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Members of Congress today demanded answers from Dr. Robert M. Califf, commissioner of the U.S. Food and Drug Administration (FDA), as the agency reviews Emergency Use Authorization (EUA) for COVID-19 shots in children age 5 and under.
The FDA’s Vaccines and Related Biological Products Advisory Committee (VRBPAC) is meeting on four separate occasions in June to discuss additional EUAs that would provide cradle-to-grave COVID-19 shots — and to consider a “Future Framework” that will permanently lower the bar for safety and efficacy, according to Toby Rogers, Ph.D.
A letter signed by Sen. Ted Cruz (R-Texas), Rep. Bill Posey (R-Fla.) and 16 other members of Congress today asked Commissioner Califf 19 questions about the safety of COVID-19 vaccines for young children.
The questions focused on the youngest children (6 months to 5 years) due to the Congress members’ concerns about what they called the FDA’s “one-size-fits-all” approach to the vaccines.
“The data show that the risks of serious adverse outcomes for COVID for children five and under is very low and as such the standard for evaluating EUA interventions must be very high,” the letter states.
“We believe it is prudent and necessary that the FDA provide answers to a number of questions before approving EUA vaccines for children under age 5, including more than 70% of whom are already seropositive for COVID-19.”
The VRBPAC meetings began Tuesday. The meeting schedule is:
- June 7 — EUA for Novavax’s COVID-19 shot for adults.
- June 14 — Amendment to Moderna’s EUA to include primary series to children and adolescents 6 through 17 years of age.
- June 15 — Amendment to Moderna’s EUA to include primary series for children 6 months to 5 years and amendment to Pfizer’s EUA to include the primary series to children 6 months through 4 years of age.
- June 28 — Proposed “Future Framework” for COVID-19 shots.
The Congress members’ letter presses the FDA to address unanswered questions regarding the risks and benefits of administering COVID-19 vaccines to children.
They ask the FDA to explain, among many other things:
- What the cardiac risk factor is for children who receive EUA COVID-19 vaccines.
- Why the FDA recently lowered the efficacy bar for COVID-19 vaccines for the youngest children.
- When the FDA and the Centers for Disease Control and Prevention (CDC) will provide the public with more details on children’s serious adverse outcomes from COVID-19 infections.
- If it is possible that administering the vaccines in young children could predispose them to increased risk from future novel COVID-19 variants.
- How many children ages 5 and under with and without pre-existing medical conditions have died from COVID-19 or its variants.
Finally, the letter asks Commissioner Califf to “please list the medical emergencies [among] children 0 to 4 years old that enables the FDA to approve the COVID vaccine for children using its EUA.”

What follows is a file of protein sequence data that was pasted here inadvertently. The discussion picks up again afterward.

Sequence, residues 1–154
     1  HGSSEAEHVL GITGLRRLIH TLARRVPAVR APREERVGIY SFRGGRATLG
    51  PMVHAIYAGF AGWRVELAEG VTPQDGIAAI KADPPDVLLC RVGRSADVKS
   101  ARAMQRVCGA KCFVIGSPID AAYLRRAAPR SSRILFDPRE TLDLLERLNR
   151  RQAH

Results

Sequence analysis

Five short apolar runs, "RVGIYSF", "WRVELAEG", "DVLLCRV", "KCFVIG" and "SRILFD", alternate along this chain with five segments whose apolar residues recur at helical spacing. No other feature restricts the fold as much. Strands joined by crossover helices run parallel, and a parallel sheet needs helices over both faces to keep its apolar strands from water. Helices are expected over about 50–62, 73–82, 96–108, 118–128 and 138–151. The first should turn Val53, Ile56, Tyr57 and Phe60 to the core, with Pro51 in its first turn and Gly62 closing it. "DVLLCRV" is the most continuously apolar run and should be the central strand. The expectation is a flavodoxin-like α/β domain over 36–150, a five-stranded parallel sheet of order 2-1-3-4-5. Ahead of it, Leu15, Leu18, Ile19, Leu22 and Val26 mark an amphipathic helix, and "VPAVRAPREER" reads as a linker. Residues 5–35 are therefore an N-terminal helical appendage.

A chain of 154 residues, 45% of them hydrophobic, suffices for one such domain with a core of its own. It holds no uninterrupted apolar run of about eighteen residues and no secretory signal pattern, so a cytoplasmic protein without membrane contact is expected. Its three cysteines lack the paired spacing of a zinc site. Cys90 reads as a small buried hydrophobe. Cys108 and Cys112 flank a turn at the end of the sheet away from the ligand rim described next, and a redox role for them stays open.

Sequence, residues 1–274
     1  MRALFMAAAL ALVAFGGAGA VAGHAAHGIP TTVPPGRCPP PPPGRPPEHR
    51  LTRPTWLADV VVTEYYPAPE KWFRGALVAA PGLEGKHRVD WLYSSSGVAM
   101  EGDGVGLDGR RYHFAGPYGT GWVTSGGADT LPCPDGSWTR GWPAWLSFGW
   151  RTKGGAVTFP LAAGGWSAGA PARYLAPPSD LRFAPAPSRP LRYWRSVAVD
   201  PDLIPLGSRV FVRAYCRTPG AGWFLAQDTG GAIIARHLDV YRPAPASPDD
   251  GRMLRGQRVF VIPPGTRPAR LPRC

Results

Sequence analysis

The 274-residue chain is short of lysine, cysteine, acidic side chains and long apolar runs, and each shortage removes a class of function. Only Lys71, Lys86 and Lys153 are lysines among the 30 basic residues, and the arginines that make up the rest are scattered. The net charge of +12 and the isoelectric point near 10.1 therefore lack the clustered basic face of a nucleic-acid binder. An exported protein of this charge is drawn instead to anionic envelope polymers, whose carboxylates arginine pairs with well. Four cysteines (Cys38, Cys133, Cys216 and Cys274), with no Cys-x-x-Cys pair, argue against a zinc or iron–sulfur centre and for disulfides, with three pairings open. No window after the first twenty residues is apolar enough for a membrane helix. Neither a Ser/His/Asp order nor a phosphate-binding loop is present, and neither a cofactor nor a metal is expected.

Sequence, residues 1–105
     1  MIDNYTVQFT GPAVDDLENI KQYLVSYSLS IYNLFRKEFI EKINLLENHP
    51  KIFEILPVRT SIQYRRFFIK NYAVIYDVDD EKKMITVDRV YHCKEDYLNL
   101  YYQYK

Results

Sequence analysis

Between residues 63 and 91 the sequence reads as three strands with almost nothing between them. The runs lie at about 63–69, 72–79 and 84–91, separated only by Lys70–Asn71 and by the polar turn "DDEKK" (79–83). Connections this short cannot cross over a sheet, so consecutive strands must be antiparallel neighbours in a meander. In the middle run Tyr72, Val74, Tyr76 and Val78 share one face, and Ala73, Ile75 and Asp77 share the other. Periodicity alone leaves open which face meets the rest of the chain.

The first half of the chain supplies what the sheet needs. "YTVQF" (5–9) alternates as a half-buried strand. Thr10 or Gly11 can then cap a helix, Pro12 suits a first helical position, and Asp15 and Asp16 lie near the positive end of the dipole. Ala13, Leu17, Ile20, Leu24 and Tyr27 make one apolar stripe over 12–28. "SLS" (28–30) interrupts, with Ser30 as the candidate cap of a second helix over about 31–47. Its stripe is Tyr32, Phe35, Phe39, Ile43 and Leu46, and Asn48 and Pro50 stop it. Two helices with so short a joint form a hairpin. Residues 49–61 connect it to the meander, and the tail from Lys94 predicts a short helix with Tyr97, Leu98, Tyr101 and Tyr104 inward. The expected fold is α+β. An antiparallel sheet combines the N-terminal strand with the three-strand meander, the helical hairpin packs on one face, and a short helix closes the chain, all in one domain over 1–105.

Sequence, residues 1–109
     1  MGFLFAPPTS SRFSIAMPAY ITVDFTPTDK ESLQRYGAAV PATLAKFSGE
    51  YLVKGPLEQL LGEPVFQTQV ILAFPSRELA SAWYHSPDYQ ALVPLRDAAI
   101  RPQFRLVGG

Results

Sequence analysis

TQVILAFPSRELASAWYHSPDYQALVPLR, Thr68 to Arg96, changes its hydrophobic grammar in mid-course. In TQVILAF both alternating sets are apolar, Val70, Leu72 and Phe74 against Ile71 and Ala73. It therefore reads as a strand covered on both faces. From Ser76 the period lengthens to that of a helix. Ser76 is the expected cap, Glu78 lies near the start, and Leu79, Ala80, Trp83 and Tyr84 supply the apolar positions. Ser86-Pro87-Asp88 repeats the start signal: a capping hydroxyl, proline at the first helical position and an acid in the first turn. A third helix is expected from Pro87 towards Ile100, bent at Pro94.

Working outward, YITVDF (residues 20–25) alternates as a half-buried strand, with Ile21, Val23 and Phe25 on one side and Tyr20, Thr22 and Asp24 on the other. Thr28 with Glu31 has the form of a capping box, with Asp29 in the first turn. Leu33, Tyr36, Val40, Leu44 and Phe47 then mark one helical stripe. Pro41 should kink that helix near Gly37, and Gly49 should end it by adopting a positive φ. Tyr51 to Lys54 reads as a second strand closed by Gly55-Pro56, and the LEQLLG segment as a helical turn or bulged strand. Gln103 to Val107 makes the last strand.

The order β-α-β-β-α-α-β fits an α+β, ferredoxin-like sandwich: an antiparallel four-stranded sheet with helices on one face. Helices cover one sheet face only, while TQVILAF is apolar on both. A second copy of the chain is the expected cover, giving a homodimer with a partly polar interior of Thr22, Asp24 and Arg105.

Children’s Health Defense calls for action
Mary Holland, Children’s Health Defense (CHD) president and general counsel, called the FDA’s Future Framework proposal “quite possibly the worst idea in the history of public health.”
In a video, Holland asked viewers to send a message to FDA and CDC officials, VRBPAC members and elected representatives demanding they reject the EUAs for children and ensure government agencies follow the science:
Children under 18 with no comorbidities have virtually no risk of death from COVID-19, according to a November 2021 study published in Nature.
A July 2021 preprint paper found children have a 99.995% recovery rate, and the vast majority of children have minimal symptoms.
The Nature study described how children between 3 and 11 years of age mount effective, robust and sustained immune responses to COVID-19.
There is no clinically significant health benefit from the mRNA vaccines, according to Moderna. Reporting on its Phase 2/3 KidCOVE study, the company said, “the absence of any severe disease, hospitalization or death in the study precludes the assessment of vaccine efficacy against these endpoints.”
Preliminary data showed the shots were only about 44% effective at preventing symptomatic infection in children 6 months to 2 years old, and 37% effective in children ages 2 to 5 — both below the 50% level that regulators generally called the minimum level for EUA approval in 2020.
In New York, officials observed that Pfizer’s efficacy against Omicron plummeted from 68% to 12% after 7 weeks in children ages 5 to 11.
“These shots are dangerous and carry very real risks,” Holland said.
Studies show vaccinated children face a substantial risk of myocarditis. Moderna’s EUA application, originally filed in June 2021, has already been held up because of a clear safety signal for myocarditis, which prompted a number of European countries to prohibit its use in young people.
Additionally, the Vaccine Adverse Events Reporting System or VAERS has more than 48,500 reports of adverse events in children, including 112 deaths (as of May 27), and a growing number of reports of encephalopathies, clotting issues, diabetes and neurological problems in children following COVID-19 shots.